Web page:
This sequel also introduces the Big Sister. These are basically various Little Sisters who have grown and taken their fashion sense from the diving suit prima-donna's The Big Daddy. Their goal is to release all the little sister's from their supposed incaptivity by the ambling Big Daddy. The arrival of any Big Sister fight is met with a banshee-like squeal which warns you of your impending doom, for Big Sister battles are the most challenging aspect of the entire game and the finish of any will be met with ahuge amounts of relief and a great sense of satisfaction.

Another disadvantage this game suffers from is the lack of memorable locations. The first game had many places which will live long in the memory like Fontaine Fisheries or Olympus Heights (who could forget Sander Cohen?). At the end of this game I struggled to differenciate one area from another, instead it all felt like one long level which by default makes the game feel longer and more laboured than it's predesessor. This is a shame as the idea of Rapture and it's epic innards are what most draws me towards this series of game.

The multiplayer aspect of the game feels a little stilted and tacked-on for me. I don't beleive the game needed the added dimension that multiplayer brings and there are much better online shooters already on the market. The three modes of play are entitled Survival Of The Fittest (which is basically solo deathmatch), Civil War (team deathmatch) and Turf War (Capture and Hold). All are rudimentry and do their job well enough but I don't think I'll be giving up my time on Left 4 Dead, Team Fortress or Call Of Duty any time soon.

So in summary, I'd argue that the basics of this game in some ways surpass the original with much better fighting physics and the introduction of the dreaded Big Sister, but in so many ways it is the inferior sibling with the weaker storyline, dissapointing locations and poor antagonist being the main culprits. This feels like a proper sequel and not a rushed release and most people who enjoyed the original will find much to admire here as well.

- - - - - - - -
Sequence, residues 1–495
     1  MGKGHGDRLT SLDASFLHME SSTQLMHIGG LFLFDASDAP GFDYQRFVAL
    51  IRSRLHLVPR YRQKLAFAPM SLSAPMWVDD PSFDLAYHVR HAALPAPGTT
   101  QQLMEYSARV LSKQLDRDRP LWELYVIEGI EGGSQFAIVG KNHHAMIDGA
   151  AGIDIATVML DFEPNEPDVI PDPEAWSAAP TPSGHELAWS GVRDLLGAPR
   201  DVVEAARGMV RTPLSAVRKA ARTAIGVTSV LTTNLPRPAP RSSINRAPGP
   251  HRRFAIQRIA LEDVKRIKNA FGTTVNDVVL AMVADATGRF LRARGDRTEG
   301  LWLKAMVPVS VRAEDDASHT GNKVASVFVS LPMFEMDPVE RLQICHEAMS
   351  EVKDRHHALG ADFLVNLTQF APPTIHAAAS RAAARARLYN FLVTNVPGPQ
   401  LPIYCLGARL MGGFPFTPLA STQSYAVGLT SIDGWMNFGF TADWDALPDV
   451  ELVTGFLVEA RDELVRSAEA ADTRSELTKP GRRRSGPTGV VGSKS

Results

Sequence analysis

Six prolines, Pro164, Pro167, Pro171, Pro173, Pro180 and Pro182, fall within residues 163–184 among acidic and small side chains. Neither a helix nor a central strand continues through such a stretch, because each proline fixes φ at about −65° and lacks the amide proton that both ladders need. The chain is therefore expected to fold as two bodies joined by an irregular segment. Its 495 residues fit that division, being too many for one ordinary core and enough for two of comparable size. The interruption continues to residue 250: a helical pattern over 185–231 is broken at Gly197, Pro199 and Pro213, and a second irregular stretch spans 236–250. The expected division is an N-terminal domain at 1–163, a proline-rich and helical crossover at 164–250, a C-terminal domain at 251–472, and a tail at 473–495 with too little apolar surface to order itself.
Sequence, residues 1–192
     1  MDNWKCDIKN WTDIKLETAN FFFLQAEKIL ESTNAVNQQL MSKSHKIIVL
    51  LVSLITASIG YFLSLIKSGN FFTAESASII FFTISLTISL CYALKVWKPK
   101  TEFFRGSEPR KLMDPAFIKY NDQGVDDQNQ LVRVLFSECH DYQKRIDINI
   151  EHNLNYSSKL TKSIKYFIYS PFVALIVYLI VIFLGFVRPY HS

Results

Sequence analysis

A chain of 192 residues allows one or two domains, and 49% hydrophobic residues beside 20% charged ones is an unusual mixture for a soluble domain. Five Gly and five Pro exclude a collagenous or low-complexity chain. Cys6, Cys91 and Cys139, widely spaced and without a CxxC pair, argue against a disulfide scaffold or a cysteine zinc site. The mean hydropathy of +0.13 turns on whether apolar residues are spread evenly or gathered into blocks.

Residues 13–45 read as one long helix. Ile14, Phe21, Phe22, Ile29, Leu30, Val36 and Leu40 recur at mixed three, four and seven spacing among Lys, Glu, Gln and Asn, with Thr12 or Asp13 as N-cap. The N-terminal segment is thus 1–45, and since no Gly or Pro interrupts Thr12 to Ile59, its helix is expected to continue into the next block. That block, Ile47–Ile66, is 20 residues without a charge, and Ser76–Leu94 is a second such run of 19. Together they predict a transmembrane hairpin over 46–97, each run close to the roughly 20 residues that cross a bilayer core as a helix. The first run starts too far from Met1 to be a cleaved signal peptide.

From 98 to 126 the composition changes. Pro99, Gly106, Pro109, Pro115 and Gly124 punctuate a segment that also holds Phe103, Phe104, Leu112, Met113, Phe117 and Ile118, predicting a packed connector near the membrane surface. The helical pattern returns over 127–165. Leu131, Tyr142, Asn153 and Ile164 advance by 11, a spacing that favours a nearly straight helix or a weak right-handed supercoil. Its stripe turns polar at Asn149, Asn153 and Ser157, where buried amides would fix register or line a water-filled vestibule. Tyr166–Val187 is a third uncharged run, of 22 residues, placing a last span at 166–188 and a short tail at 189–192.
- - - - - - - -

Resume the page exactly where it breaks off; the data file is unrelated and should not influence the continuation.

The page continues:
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Tracked by 2 customers

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Showing 1-7 of 7 posts in this discussion
Initial post: 27 Jul 2011 16:33:05 BDT
Mr. T. White says:
Games for windows live is part of the game and is as appalling as people say it is. It constantly crashed for me too just as it does for so many others. Eventually after seven attempts I was able to play the game in single player. Please, game developers, USE STEAM - STEAM WORKS EXTREMELY WELL AT PROTECTING YOUR GAMES AND STEAM IS FAR MORE INTRUSIVE AND FAR BETTER LIKED THAN GFWL!!!

In reply to an earlier post on 2 Sep 2011 17:13:28 BDT
To be fair, I think Joseph Stalin is probably better liked than GFWL.

Posted on 17 Aug 2012 16:45:47 BDT
Seafireliv says:
Steam is far more intrusive? Why would I want a utility that`s far more intrusive? No thanks. I hate Steam because it thinks it Big Brother.

At least Windows let`s you play an Offline game Offline!

In reply to an earlier post on 17 Aug 2012 23:48:30 BDT
Mr. T. White says:
@seafireliv, you might be surprised to know that, once installation is finished, steam allows anyone to play offline as often as any steam user likes. The only time they need go online is if they care to receive updates on anything they want to play.

In reply to an earlier post on 18 Aug 2012 13:55:46 BDT
Last edited by the author on 18 Aug 2012 13:56:45 BDT
Seafireliv says: